Posted on May 7, 2007
Storytelling about soldiers, and audio interviews
Thinking about doing more audio slideshows in your newsroom? There’s lots to discuss in this new package from MSNBC.com — Scars from Iraq (also titled “The War After the War”).
First, there are three different stories about three soldiers who have returned from duty in Iraq. Which story is most interesting to you, and why?
Second, there’s the quality of the audio. Technically, all are very good. But more than that, you should think about how a reporter gets this sustained audio from an interview subject. What kinds of questions were asked? Do you know how to get someone to talk at length? Do you know how to listen? Do you know how to send visual cues so that you never need to say “Uh huh” to encourage the speaker? Do you know how to edit this kind of interview? Would these stories be better with nat sound?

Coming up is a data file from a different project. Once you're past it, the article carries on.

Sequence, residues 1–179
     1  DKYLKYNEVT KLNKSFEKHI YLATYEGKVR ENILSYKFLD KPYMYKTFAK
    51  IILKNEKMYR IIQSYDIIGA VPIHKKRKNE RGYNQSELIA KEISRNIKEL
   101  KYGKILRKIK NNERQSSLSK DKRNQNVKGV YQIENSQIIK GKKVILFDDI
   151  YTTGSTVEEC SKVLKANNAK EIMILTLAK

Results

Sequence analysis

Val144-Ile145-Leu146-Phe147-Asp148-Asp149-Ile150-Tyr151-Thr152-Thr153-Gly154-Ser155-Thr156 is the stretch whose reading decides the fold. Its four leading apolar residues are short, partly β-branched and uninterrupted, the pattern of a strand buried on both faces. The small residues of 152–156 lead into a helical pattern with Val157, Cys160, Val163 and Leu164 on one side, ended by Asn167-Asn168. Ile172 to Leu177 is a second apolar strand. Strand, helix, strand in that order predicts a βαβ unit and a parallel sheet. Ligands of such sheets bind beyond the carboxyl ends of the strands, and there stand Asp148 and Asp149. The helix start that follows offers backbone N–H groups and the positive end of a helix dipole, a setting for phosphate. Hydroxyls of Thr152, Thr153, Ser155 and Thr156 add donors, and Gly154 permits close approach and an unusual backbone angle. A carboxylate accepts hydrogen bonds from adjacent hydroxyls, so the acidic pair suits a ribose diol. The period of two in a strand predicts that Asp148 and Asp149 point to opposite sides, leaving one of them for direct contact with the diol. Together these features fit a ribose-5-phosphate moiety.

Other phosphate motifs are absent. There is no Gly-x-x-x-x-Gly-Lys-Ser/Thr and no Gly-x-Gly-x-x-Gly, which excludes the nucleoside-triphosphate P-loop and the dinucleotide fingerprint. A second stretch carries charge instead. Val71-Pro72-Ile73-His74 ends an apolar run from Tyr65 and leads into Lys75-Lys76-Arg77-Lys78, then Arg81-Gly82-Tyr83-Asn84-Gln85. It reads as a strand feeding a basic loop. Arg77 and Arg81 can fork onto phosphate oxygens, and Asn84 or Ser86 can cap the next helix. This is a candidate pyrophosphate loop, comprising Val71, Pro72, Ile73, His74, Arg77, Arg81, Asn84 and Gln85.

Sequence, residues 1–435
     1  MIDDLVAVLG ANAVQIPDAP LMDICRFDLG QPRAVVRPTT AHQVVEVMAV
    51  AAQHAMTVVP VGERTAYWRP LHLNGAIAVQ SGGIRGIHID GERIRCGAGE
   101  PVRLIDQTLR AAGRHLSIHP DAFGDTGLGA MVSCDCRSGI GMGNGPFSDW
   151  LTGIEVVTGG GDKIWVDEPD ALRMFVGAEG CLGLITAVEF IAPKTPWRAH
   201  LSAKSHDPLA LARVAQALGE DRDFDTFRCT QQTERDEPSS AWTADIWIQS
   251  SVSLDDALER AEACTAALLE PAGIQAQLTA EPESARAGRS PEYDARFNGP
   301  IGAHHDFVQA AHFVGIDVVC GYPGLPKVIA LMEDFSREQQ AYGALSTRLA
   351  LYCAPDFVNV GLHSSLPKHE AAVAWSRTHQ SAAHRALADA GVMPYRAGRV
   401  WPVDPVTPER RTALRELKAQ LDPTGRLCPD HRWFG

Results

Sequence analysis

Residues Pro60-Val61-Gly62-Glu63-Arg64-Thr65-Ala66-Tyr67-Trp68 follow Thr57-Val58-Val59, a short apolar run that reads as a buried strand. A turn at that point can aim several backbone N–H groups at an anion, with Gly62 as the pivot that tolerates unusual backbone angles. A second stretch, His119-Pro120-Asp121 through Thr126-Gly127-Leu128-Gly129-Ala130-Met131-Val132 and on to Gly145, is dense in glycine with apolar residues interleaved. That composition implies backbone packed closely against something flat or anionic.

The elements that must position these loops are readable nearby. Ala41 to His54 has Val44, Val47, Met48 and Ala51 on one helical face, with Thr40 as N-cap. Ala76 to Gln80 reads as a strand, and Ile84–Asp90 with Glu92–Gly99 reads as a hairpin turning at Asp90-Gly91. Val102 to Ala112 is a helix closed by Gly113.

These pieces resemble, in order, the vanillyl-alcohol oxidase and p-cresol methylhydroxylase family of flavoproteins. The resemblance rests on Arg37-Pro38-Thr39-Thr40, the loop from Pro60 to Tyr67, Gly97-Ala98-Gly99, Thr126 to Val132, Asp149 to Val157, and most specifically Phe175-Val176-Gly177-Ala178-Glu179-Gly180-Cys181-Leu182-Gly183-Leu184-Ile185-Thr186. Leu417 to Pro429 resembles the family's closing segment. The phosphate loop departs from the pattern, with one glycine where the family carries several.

Finally, the presentation. Does anyone feel like clicking those labeled buttons on the left? If not, then why are they there at all? Do you want a timer so you know how long each story is? Are you content to sit back and let all three stories run on autoplay? Are the stories too long? Is the package too long?
I’ve seen a lot of stories about soldiers who have come home. There will be more. I think we should think about how we tell these stories, and why people want to hear them. Why are these three stories different from others you have seen and heard? And if you’re going to report one of these stories, what can you learn from the ones that have been told before?
(Thanks to Joe and Zach for sharing their bookmarks on del.icio.us.)